I recently discovered another blog about moving to Hawaii that I want to share with you. This one is written by John Derrick, who fell in love with Hawaii 10 years ago when he visited the state for the first time. He and his wife Victoria are finally making their dream come true next year, when they move from South Carolina to Kauai. John is a great writer and storyteller,
If you missed yesterday’s WorkForce 2011 job fair in Honolulu, have no fear. There’s another big job fair coming in September — JobQuest 2011: Date: Tuesday, September 20, 2011 Time: 10am-3pm (on-site ticket box office opens at 9:30am) Place: Exhibition Hall at Neal Blaisdell Center, Honolulu Cost: $3 for general admission; $1 for students, seniors 55+, and military personnel with a valid ID. On-site ticket box office opens at 9:30am
Before you start looking for a home in Hawaii, it’s helpful to know which areas of the state you’re most interested in. Which islands have the right mix of natural beauty and modern amenities that you’re looking for? Which cities and towns offer the job, educational, or recreational opportunities you seek? And within those cities, which districts or neighborhoods embody the kind of lifestyle you want to have in Hawaii?
(Note: If this article looks familiar, it’s because it was originally published in my newsletter. I have since changed the format of my newsletter and have moved all articles previously published under the old format to my blog, where they can be more easily found.) Surprise, surprise: Americans citizens aren’t the only ones who want to move to Hawaii. During fiscal year 2009, nearly 7,000 green-card holders took up residency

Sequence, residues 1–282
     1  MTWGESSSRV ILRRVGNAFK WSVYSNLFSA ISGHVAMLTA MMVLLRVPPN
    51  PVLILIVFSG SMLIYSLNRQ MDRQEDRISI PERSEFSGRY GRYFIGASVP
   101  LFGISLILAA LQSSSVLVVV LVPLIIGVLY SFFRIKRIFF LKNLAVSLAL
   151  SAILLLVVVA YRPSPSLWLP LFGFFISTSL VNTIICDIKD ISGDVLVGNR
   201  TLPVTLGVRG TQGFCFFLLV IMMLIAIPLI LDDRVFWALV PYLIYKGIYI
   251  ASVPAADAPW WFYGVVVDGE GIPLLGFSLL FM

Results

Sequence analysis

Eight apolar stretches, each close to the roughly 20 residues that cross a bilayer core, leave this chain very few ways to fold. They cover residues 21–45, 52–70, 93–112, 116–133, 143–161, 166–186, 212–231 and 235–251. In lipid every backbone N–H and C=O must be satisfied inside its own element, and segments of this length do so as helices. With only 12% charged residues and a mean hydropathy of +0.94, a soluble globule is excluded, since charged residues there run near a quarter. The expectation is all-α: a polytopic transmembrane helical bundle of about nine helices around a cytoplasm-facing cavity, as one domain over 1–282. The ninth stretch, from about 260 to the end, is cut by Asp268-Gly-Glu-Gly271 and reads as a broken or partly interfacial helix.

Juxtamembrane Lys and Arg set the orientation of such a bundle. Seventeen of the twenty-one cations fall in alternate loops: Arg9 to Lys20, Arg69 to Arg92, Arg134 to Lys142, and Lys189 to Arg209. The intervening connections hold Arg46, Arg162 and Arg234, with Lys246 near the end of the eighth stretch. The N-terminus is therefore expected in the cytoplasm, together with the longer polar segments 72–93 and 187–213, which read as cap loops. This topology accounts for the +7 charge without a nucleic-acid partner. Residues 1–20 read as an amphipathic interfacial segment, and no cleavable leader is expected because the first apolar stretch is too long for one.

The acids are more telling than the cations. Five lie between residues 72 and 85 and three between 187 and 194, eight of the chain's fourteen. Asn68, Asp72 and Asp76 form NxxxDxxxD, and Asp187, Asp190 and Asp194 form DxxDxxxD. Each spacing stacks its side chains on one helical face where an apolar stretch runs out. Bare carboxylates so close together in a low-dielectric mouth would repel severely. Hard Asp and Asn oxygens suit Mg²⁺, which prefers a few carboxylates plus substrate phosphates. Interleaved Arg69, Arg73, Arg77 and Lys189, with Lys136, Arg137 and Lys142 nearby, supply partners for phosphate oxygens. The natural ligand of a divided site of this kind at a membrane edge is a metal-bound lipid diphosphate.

Everyone knows that housing in Hawaii is expensive. In fact, when compared to other U.S. states, Hawaii’s average rent is the highest. But rents vary greatly throughout the state, depending on the island, city/town, and neighborhood. So which areas of Hawaii have the least expensive rents? And perhaps more importantly, why are they less expensive than other areas? To find out, I used Aloha Living’s Neighborhood Navigator tool to compare
Yesterday I wrote about which neighborhoods had the least expensive rental housing on the island of Oahu. Today, let’s take a look at the cheapest ZIP codes on the Big Island. Pahoa (Puna District, on windward coast) ZIP Code: 96778 2-bedroom: $1020 4- bedroom: $1576 Why it’s less expensive: Rainier, less sunny than leeward (Kona) coast. Lava flow hazard zone 2. Why you should still consider it: Lush, tropical setting.
In my last two posts, I wrote about which neighborhoods on Oahu and the Big Island have the least expensive rental housing. Today, Maui County is the focus of my search for the areas with the lowest Fair Market Rents. The towns listed below are on the islands of Maui and Molokai. Although the island of Lanai is also part of Maui County, it’s not included in the list because
In my last three posts, I identified which neighborhoods had the cheapest rental housing on Oahu, the Big Island, and Maui & Molokai. Today’s post completes my series on the most affordable ZIP codes in Hawaii, with a focus on the island of Kauai. Kaumakani (West Side of Kauai) ZIP Code: 96747 2-bedroom: $1207 4- bedroom: $1649 Why it’s less expensive: Few amenities, mainly sugar plantations. Commute traffic to/from Lihue
I recently found out about a YouTube Channel called Hawaii Four-0, which is documenting (on video) one man’s progress toward his goal to live in Hawaii for a year with his family by the time he turns 40 (he’s 35 now). Jay’s dream of living in Hawaii is complicated by the fact that he’s not a U.S. citizen — he’s Canadian, from Toronto. But he’s not letting that stop him.
If you’re planning a move to Hawaii, you might wonder if it’s worth shipping your current car, motorcycle, or boat overseas, or if you should get rid of it and replace it once you’re living in Hawaii. The answer depends on several factors: Where would you be shipping your vehicle from? If you live on the West Coast of the U.S. mainland: It costs a little over $1,000 to ship